An entrepreneur living in London can very often suffer from what I’m coining “Big Pond, Small Fish” syndrome.
BPSF – as it shall hereafter be known – can make you feel like the entire city (never mind the entire WORLD) is just too damn big for your one little voice to be heard. You might start punishing yourself for not working long enough, hard enough, striving for “impossible” goals, making too-small goals. You might generally feel like you have nothing to offer, because everyone good is already doing well and living their fabulous lives and you’re just trailing in their shadow all the time.
Been there. Done that.
That’s kinda how I was feeling in the days before I was due to head to the infamous Madingley Hall, Cambridge University UK to teach and mentor the current Queen’s Young Leaders cohort.
By the time I left Cambridge, I no longer felt that way.
What is the Queen’s Young Leaders programme?
The Queen’s Young Leaders programme discovers, celebrates and supports exceptional young people from across the Commonwealth, leaving a lasting legacy for Her Majesty The Queen.
Yeah. I know right? Incredible. And I was to take four sessions over two days to teach these awesome people how to market their cause on social media.
As you can imagine, I had no idea what I was going to teach these people. I was very sure they should be teaching me. And as it happens, they did.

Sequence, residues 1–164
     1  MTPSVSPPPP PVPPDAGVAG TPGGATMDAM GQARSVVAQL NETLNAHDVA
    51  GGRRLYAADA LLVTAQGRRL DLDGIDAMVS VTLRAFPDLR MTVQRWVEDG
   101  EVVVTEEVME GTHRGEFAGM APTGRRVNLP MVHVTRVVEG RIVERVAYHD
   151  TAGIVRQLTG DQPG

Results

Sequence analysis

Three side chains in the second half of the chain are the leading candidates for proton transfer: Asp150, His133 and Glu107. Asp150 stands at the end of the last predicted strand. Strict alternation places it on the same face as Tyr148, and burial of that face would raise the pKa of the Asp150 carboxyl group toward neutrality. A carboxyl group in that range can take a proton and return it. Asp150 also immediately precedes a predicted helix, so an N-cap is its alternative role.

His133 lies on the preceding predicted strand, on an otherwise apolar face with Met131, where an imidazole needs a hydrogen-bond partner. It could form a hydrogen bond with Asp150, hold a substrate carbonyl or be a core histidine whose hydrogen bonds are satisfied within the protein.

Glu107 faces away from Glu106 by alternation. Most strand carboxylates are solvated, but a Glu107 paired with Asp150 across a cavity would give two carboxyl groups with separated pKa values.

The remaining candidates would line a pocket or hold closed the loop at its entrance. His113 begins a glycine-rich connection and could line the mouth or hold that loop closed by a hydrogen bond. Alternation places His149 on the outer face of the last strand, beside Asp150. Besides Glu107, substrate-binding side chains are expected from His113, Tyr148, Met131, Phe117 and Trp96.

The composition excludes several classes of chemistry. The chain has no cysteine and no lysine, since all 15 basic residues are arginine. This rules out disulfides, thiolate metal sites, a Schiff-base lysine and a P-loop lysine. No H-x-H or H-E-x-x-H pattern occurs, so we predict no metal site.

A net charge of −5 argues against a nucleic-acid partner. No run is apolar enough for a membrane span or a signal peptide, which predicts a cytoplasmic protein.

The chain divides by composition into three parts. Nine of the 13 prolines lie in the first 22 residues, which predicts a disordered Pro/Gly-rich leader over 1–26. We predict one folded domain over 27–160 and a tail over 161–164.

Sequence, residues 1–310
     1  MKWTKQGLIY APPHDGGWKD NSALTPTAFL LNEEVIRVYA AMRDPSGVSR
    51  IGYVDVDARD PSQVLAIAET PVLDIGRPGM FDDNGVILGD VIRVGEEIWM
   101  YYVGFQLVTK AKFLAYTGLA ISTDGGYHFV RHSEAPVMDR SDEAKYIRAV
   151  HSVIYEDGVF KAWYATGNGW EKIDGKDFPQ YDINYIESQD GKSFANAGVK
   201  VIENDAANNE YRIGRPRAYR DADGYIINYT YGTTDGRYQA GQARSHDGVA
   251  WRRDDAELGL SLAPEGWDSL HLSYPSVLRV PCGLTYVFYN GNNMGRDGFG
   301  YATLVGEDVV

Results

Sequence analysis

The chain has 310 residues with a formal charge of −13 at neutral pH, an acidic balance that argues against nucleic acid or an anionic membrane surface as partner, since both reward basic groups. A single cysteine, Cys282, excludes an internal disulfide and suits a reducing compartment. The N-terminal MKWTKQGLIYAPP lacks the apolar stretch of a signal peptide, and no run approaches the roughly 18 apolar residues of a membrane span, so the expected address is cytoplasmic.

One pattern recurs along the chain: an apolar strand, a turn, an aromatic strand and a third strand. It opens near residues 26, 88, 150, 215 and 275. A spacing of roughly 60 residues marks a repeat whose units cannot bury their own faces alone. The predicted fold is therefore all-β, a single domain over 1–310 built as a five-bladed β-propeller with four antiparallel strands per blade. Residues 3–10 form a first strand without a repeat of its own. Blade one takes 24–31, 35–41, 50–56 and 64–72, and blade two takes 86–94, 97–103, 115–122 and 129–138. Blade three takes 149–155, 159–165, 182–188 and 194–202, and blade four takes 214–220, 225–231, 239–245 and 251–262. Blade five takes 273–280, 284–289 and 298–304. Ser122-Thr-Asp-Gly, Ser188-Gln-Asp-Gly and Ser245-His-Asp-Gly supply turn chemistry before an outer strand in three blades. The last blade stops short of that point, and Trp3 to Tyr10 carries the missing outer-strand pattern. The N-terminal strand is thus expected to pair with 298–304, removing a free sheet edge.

Learning from the Queen’s Young Leaders
Let me tell you something guys; rocking up to Madingley Hall in Primark shoes was not a thing that gave me a huge confidence boost. But the exceptional youths of the Commonwealth did.
Over every meal and in every session I got to learn about some of the businesses these young people were running. My nerves were not steadied, to be honest. The first person I spoke to was a girl who had gone into her youth club business as a nine-year-old. An age where I, most notably, was very preoccupied by Barbie, what my next birthday cake would look like, and learning the dance to Saturday Night by Whigfield off by heart.
I’ll go into more detail about the awe-inspiring businesses the QYLs are running in a follow-up blog post. But first I want to list what I learnt from this super friendly group of seriously clever people, because they are lessons I will take with me for the rest of my life:
Lesson 1: The UK has it really ruddy easy
This is not applicable to all Commonwealth countries, but some are referred to as “developing” countries rather than “developed”, meaning resources – most pertinently to me, digital ones – are not as readily available as they are here.
Computer access might be shared among a community, or internet connectivity limited. That kind of thing. And it did make me think that for all our complaining about screen time and iPhone addiction, we are so lucky to have access to these devices 24/7, and ultimately we do have a choice about whether we use them to our advantage or to our detriment.
I decided that I want to make wiser choices around my technology and social media. If a young person in Sierra Leone, who has to travel miles to access one community computer, can run a business that changes the world, I can definitely control the impact of my own communications on my followers, and make good choices about what I share online at the touch of a button whenever I want.
Lesson 2: No goal is too small
If you see an opportunity to start a business or charity and there’s good reason to do it, go for it. It’s not about goals being too big, it’s about your unique approach to them.